Awaiting the Entrance answer |

Awaiting the Entrance answer

Dear Editor:

About 800 Aspen registered voters may remember signing initiative petitions to place two alternatives for the Entrance to Aspen on the ballot. That was two summers ago, and it’s time for an update.

Both alternatives would straighten out the highway to eliminate the s-curves, add two additional lanes in the section which is still only two lanes wide, and open up the use of all lanes to general traffic subject to the same HOV restrictions between Basalt and Buttermilk.

A protest against the petitions was filed on the last day that state law allows, and a hearing officer appointed by the city sided with the protesters and ruled against sending the petitions to the voters for their approval. The hearing officer’s decision was appealed to the District Court, which upheld the findings of the hearing officer.

Both the hearing officer and the District Court agreed that the basic question being put to the voters – authorizing a change of use of property which the city had originally acquired for open space – is an appropriate subject for the initiative (petition) process. However, both authorities ruled against these specific petitions on the grounds that they contained too many details which would infringe upon the powers of city government.

One of many peculiarities of the case is that, under current law, either the hearing officer or the District Court could have removed the portions of the petitions they found objectionable, thereby clearing the way for a vote – and both authorities declined to take that step.

Recommended Stories For You

All of the arguments of the petitioners, protesters, and the city of Aspen have now been filed with the Court of Appeals, and general ballpark estimates are that the higher court will probably reach a decision regarding the previous rulings in about 12 to 18 months.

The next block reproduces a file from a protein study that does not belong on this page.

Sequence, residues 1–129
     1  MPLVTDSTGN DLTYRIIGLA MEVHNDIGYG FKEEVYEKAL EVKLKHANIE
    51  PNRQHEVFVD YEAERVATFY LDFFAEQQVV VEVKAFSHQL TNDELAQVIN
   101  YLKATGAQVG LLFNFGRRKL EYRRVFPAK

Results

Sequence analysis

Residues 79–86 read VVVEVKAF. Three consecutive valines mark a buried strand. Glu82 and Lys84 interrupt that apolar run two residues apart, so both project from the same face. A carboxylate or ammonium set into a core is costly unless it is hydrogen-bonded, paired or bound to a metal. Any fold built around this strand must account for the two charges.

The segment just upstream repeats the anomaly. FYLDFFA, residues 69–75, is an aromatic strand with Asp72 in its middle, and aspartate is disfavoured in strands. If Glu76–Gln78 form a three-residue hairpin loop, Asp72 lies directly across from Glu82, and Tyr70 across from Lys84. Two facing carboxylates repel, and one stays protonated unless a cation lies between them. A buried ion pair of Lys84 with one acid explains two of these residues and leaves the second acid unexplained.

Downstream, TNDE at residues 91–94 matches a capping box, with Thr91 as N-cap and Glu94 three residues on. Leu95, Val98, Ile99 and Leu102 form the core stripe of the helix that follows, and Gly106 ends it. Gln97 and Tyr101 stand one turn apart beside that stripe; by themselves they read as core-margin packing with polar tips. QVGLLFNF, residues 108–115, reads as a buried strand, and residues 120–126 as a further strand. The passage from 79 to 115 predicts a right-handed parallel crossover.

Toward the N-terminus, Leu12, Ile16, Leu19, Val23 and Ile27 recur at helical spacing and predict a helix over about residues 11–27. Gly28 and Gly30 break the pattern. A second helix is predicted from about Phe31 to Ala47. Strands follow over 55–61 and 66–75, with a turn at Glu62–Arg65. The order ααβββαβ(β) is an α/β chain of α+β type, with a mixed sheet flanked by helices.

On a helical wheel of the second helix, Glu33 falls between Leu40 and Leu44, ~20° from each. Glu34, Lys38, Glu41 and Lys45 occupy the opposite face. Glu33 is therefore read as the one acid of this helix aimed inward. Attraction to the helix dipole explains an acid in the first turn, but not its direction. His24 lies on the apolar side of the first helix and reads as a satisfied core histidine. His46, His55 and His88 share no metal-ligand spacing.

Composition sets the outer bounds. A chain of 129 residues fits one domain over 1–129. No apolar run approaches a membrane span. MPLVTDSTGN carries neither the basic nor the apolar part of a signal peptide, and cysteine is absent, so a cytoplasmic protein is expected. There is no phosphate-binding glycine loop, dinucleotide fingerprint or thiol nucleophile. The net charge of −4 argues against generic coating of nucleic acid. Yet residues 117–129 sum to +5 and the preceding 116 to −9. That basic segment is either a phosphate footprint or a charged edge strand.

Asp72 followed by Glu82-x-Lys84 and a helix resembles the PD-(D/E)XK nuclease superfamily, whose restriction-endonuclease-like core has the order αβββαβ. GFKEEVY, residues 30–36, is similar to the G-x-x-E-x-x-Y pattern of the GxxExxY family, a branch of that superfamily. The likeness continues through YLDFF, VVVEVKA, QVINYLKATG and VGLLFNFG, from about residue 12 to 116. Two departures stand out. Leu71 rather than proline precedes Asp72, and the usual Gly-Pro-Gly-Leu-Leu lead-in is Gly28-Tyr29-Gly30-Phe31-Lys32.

We have strong reason to believe that the Court of Appeals will uphold the decision of the hearing officer and District Court that the question itself is a legal use of the initiative process. We also think there is a good possibility that the appellate court will allow the specific language of the petitions, because all of it is relevant and appropriate to defining what the voters will allow in exchange for their open space.

In the event that the Court of Appeals does not accept some of the specific conditions contained in the petitions, we have no reason to believe that they will be reluctant to exercise their power to strike those portions and send the edited proposals to the voters.

In other words, we expect that Aspen voters will have a sensible solution for the Entrance to Aspen available for their approval in the not too distant future.

The documents filed with the Court of Appeals add up to about 110 pages of thrilling legal discourse. For those of you who can’t resist such entertainment, go to and click on “Where’s the petition?”

Jeffrey Evans, Basalt

Curtis Vagneur , Aspen

Start a dialogue, stay on topic and be civil.
If you don't follow the rules, your comment may be deleted.